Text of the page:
How to develop and test out your story ideas
The act of explaining an idea to somebody else is a really good way to figure out how to tell the storyMalcolm Gladwell Teaches Writing – Masterclass
Testing out your ideas is crucial. It is the only way to know for sure if you have something before you dedicate time to researching and writing your story. There are several ways to do this.
One approach is to sit down with a friend or family member and explain it to them. Explaining something to someone crystallizes things in your mind. More importantly, it gives you a chance to find out whether they find your idea engaging. Physically sitting down with someone enables you to see from their body language whether they find your story engaging or not.
When you do this, listen carefully to their questions. This will enable you to understand what it is about your story that makes them curious.
Once you know you have a sound story idea, you need to grow it. Again, other people can help you to do this. Without you asking them to do so, a lot of people will tell you about a similar experience they have had. This will provide you with lots of fresh information and inspiration.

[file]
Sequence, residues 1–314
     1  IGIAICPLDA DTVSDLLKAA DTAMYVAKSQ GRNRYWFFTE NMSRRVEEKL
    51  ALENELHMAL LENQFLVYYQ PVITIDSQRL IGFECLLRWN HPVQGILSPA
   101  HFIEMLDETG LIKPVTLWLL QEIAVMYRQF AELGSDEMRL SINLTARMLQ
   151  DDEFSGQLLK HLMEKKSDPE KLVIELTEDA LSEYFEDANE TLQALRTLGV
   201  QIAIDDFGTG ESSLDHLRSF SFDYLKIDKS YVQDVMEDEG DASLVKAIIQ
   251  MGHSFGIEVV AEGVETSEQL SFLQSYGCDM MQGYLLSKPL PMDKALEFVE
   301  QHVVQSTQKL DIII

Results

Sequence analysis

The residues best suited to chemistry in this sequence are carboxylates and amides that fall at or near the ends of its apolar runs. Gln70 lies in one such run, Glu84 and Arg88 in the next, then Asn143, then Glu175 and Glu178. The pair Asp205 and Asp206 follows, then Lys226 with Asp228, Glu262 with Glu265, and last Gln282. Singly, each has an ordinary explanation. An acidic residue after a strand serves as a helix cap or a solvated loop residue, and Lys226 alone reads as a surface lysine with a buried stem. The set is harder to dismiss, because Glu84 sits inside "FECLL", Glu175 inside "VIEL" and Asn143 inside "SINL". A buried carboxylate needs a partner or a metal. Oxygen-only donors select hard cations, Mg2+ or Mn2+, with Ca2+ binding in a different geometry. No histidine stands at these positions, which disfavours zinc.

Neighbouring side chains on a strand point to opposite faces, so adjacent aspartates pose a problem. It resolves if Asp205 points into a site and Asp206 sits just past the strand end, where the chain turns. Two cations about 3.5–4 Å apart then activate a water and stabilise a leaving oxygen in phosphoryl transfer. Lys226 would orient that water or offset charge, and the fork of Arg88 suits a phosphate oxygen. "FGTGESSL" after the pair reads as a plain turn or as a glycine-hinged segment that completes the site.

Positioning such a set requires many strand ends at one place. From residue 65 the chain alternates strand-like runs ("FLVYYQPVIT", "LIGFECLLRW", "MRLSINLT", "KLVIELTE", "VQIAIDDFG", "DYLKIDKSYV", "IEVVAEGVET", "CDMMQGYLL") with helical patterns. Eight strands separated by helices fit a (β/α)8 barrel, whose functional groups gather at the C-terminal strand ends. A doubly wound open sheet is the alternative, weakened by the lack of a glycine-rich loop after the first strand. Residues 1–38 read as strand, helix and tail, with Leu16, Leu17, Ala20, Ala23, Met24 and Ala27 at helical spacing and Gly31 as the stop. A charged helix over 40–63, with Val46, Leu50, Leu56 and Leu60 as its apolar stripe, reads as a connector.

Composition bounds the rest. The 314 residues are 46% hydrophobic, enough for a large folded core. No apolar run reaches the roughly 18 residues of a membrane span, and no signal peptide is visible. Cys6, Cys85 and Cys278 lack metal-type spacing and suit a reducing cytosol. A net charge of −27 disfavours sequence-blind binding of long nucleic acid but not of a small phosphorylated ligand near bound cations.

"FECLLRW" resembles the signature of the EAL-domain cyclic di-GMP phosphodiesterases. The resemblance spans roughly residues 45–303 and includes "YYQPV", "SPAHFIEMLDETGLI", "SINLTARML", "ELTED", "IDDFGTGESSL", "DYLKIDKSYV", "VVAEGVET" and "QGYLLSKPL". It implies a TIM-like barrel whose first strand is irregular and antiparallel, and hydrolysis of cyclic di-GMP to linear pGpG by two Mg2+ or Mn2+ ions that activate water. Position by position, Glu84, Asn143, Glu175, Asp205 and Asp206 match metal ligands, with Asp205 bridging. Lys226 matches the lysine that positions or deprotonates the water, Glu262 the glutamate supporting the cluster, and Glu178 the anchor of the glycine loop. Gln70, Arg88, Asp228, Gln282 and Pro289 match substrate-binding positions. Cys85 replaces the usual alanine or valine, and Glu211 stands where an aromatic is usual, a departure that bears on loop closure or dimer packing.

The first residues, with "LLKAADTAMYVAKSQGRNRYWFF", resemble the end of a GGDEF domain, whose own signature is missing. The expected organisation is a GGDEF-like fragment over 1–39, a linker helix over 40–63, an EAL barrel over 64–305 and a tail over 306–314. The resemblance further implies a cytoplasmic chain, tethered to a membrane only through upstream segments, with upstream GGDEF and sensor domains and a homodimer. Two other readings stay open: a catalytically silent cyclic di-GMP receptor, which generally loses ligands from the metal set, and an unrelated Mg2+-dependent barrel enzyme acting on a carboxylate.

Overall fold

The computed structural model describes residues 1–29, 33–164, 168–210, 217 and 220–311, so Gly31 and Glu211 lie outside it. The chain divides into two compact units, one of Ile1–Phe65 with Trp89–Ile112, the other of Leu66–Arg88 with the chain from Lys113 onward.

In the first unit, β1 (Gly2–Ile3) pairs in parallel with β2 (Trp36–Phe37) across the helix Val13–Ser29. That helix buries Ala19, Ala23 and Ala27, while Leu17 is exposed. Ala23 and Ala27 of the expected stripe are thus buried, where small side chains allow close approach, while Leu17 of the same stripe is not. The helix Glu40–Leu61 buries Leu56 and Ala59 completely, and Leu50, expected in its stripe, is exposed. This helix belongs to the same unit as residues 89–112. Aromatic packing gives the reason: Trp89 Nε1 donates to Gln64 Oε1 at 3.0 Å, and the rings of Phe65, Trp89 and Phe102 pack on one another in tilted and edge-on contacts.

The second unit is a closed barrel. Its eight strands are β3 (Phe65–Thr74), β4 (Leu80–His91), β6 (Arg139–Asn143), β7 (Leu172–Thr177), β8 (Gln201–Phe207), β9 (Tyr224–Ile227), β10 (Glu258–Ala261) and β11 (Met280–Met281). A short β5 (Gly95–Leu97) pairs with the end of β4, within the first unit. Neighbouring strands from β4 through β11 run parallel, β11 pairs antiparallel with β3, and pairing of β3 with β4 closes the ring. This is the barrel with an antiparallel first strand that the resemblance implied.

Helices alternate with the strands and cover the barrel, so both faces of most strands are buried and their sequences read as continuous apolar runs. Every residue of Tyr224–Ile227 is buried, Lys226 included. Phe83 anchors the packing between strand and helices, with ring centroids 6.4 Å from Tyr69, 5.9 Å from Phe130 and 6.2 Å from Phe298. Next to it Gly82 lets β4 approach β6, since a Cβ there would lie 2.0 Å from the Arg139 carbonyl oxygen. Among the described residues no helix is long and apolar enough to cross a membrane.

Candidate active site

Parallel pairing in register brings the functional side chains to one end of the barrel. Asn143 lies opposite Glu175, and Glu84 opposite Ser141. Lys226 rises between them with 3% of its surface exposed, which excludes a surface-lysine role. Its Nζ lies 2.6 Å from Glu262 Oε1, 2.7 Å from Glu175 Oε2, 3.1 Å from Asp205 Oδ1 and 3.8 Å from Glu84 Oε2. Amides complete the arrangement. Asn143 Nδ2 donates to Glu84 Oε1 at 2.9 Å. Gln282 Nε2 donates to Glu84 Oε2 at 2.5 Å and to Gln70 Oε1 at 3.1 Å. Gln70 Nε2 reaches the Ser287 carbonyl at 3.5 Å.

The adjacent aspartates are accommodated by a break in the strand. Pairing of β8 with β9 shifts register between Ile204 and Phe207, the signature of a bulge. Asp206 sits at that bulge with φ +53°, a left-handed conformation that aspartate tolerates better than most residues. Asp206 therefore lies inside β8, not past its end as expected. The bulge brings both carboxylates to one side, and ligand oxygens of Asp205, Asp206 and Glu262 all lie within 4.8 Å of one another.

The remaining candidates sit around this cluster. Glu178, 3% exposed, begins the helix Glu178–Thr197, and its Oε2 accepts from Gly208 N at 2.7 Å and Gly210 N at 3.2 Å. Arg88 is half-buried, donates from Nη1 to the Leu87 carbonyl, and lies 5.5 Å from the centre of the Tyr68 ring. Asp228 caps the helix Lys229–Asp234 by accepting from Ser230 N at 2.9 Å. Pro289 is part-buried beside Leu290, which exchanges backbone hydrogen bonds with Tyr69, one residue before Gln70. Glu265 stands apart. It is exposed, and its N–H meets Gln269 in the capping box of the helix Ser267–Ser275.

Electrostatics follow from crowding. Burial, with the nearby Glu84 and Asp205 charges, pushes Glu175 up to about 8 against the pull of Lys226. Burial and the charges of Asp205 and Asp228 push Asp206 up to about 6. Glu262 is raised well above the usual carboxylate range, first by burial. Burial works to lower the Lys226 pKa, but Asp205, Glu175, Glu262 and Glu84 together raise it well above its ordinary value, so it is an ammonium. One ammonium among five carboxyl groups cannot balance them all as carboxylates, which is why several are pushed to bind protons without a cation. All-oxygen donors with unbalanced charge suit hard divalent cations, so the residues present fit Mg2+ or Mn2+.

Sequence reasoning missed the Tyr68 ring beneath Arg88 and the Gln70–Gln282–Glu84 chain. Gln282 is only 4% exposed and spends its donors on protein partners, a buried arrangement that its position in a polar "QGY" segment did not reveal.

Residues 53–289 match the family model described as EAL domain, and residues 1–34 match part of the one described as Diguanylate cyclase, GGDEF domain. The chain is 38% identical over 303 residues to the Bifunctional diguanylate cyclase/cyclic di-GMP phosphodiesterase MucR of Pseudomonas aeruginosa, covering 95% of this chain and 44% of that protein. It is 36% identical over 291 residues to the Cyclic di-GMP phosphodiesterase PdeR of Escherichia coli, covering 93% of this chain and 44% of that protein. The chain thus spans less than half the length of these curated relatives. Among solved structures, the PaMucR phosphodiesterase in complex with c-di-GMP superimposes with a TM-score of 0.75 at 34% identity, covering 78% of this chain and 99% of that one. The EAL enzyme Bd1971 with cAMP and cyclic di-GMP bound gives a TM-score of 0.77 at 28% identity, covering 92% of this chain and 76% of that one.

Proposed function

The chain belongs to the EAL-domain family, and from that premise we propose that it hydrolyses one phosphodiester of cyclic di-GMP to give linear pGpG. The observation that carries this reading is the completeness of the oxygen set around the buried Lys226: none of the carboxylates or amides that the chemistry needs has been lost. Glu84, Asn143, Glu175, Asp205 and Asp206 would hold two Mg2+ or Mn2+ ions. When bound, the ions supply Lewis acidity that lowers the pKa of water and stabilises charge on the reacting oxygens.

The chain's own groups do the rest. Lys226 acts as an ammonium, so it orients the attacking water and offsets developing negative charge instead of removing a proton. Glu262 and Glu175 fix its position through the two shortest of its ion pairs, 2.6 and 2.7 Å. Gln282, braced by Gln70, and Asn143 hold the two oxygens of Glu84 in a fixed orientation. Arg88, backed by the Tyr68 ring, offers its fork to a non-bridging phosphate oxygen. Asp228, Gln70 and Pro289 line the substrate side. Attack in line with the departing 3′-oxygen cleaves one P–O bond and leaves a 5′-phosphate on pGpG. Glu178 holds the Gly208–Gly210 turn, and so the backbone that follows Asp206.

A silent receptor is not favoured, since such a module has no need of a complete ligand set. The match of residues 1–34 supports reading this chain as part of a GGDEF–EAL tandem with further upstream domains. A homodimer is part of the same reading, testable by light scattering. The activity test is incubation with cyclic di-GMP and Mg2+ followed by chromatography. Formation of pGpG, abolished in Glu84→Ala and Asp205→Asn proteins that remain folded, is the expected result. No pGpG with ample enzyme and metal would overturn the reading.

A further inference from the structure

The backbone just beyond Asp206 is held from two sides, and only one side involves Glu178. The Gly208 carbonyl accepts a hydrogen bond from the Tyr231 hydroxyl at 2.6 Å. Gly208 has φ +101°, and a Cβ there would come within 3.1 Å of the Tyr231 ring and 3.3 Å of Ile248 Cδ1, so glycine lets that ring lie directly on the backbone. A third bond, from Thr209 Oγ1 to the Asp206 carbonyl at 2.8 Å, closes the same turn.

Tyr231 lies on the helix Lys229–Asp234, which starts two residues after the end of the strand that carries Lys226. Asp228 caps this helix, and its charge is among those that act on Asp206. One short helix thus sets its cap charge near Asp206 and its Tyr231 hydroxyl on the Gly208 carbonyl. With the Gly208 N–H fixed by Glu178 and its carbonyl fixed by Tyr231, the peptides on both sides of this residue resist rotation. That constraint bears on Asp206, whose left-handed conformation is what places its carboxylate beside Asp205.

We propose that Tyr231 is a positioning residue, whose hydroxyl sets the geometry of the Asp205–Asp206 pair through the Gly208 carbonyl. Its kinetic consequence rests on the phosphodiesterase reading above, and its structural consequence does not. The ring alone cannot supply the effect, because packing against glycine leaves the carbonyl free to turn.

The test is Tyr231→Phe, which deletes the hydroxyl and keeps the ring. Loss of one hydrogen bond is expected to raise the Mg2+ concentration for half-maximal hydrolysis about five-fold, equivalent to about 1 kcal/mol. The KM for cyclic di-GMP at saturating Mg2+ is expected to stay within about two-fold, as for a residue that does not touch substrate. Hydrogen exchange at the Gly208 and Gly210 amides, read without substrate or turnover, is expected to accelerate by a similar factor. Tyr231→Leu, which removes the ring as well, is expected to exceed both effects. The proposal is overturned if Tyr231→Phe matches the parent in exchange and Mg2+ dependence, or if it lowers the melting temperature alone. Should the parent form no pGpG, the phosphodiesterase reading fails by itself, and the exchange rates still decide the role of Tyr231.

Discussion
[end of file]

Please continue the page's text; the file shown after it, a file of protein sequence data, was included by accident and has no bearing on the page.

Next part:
How to bring your characters to life
This section of the course came as a bit of a surprise to me. It never crossed my mind that a non-fiction writer would have characters in their pieces and need to develop them. Silly, I know because in books real people are developed into characters.
The reader cannot see and does not know the person being spoken about. So, you as the writer need to describe them and help the reader understand who they are and where they are coming from.
The example Malcolm uses is amazing. In the video, he draws a full picture of someone in just 2 or 3 sentences. An amazing skill.
Malcolm tells you how to go about doing the same yourself. I spent about 40 minutes doing the exercise in the workbook that goes with this video and achieved some surprisingly good results.
As you can see from my masterclass.com reviewhttps://educationspeaks.org/masterclass-review/ you get a lot of extras when you take these courses. It really is worth taking advantage of them. Doing the exercises in the workbook can make a real difference to how much of what you learn goes in.
How to come up with the right words
This in-depth section is all about how to use language to appeal to anyone. Then guide your audience through complex ideas or stories.
It is partly about using the right words. But, how long your sentences are and the pace at which you present key points also plays a role. For me, a lot of what was shared in this section of the course was either completely new or something I do not currently do when I write. So, it was very informative.